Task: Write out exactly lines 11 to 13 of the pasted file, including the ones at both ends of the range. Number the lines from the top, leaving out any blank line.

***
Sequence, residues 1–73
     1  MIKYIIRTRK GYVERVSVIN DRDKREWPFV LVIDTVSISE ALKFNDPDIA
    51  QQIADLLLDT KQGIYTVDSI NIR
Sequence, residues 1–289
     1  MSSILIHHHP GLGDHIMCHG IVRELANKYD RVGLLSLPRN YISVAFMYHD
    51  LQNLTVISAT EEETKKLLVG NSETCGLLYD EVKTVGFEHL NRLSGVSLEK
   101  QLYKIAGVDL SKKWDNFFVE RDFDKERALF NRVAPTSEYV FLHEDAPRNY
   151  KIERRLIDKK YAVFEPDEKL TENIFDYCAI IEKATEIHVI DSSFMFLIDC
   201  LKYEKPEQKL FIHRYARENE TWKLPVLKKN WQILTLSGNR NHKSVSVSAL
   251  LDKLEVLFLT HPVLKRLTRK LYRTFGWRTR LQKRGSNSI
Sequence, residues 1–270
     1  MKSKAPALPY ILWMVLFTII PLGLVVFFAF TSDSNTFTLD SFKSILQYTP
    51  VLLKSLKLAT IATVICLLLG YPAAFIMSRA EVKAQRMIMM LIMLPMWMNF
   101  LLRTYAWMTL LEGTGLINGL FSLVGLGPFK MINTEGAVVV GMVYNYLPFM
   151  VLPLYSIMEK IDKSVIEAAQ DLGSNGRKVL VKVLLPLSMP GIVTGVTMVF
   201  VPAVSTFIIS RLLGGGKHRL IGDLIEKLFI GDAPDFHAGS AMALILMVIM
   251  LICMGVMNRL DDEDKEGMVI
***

Sequence, residues 1–270
     1  MKSKAPALPY ILWMVLFTII PLGLVVFFAF TSDSNTFTLD SFKSILQYTP
    51  VLLKSLKLAT IATVICLLLG YPAAFIMSRA EVKAQRMIMM LIMLPMWMNF